Oh, this! An initiative that turns feminine fashionable-edge-affordable clothing more gender-variant-inclusive by adapting to other bodies than the cis-normative.
In meantime there’s only stuff adapted to the owner’s body, but the ambition seems to be in creating a store for other sizes too. Yeah, it’s called a thrift store. The sales go to the same prospect! Please support if you have the opportunity.
And the news-feed is greatly inspiring showing off the styles and their context. Just another way to say they can be subversive and look awesome, teehee!
‘Looking professional’ is a phrase that never fails to set my teeth on edge. ‘Workwear’, ‘office attire’, or ‘formal dress’ are some of the most binarist categories of clothing, and they just don’t work for me because of that.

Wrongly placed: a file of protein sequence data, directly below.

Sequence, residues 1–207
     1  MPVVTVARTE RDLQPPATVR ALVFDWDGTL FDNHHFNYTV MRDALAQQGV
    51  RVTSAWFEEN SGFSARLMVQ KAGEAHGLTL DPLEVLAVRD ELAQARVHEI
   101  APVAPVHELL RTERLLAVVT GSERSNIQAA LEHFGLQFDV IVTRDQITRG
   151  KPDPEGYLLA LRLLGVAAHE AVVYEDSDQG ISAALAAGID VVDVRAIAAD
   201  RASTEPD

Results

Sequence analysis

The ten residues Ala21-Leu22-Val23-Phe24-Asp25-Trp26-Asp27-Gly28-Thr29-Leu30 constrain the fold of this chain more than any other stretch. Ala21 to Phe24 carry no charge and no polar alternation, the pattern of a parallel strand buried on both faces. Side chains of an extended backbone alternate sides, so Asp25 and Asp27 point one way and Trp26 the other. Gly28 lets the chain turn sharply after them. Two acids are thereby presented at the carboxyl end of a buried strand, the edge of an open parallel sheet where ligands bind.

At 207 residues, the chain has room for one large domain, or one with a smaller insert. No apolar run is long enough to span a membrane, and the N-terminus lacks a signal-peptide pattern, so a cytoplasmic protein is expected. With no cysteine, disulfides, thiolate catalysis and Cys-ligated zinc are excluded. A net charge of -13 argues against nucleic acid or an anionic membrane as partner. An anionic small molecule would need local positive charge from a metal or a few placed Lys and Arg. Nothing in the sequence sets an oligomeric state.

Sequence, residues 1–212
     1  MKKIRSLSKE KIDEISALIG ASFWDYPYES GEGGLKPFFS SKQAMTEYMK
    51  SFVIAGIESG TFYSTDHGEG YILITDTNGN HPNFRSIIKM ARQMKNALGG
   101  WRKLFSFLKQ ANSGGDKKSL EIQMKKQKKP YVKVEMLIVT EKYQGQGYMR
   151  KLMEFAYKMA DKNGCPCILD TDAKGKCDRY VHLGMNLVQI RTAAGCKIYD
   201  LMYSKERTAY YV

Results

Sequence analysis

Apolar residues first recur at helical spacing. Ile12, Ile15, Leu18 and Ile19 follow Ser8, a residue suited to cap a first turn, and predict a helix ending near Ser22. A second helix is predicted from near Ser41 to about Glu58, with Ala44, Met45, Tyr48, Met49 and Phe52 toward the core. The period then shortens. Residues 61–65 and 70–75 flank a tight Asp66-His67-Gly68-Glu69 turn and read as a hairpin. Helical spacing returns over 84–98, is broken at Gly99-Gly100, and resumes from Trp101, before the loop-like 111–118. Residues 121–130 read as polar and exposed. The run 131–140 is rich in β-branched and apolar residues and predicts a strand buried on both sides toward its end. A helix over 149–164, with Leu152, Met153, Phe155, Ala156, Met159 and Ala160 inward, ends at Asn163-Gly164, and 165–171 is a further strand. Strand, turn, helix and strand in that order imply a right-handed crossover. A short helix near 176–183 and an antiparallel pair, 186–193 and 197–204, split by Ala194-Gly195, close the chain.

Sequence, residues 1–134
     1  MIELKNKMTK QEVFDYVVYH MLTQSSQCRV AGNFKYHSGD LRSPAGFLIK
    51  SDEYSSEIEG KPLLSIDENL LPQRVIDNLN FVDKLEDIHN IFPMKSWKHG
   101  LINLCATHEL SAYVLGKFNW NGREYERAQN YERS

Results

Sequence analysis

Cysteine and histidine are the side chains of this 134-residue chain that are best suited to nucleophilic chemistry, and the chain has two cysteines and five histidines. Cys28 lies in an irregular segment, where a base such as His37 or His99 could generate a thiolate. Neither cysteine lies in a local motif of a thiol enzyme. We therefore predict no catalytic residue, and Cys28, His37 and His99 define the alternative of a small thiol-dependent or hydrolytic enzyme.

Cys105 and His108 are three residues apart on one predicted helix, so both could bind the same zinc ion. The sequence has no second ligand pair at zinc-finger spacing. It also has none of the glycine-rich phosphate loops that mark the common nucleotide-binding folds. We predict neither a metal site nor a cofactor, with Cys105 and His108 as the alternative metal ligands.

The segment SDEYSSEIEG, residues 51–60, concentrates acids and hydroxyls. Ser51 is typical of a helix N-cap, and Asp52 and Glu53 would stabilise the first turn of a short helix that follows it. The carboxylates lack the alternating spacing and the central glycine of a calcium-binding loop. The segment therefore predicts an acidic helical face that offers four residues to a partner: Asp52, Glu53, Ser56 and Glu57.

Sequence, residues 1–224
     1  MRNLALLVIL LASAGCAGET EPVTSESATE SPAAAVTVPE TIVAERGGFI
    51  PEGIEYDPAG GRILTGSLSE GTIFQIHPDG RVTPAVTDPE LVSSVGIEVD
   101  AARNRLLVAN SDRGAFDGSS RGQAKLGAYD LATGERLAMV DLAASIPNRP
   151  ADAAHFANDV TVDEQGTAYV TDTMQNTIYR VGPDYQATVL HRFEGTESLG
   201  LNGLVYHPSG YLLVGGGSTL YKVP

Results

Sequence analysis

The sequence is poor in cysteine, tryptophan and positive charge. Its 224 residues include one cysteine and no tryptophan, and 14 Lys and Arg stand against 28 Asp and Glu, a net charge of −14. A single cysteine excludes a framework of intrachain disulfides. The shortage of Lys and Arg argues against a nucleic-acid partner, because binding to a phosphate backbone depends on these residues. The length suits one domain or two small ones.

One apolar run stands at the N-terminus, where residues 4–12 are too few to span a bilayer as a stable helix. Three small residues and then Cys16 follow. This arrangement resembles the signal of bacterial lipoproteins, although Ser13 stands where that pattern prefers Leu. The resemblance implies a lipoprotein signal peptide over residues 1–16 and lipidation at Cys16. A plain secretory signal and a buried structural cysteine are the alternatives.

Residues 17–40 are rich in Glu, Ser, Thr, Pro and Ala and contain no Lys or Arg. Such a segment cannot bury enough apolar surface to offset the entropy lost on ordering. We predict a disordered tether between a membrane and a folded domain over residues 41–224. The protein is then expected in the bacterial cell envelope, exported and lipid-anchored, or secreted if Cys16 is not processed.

People who code or are read as female, for instance, are often pressured to present as femme in order to present as formal. (h/t to Emma for this gorgeous phrasing) In this post, some of the Genderplayful team members weigh in on this aspect of workwear binaries.
There is an expectation, a demand, that working women dress fashionably. Not necessarily at the height of fashion, as runway looks wouldn’t be, as they say, work appropriate, but certainly neatly, elegantly. Dress codes are a snarled tangle to navigate when you’re supposed to be demure, but not drab, neat, but not flashy.
Whenever I have to dress up for a new setting – say an office job, or a formal presentation, or a dinner event – I become even more critical of my wardrobe. I am not a very femme person; I have some heels, some skirts, some dresses, and I wouldn’t have got them if I didn’t like them, but to present so explicitly as femme is a choice that I have to deliberate over, to be comfortable with. Continue reading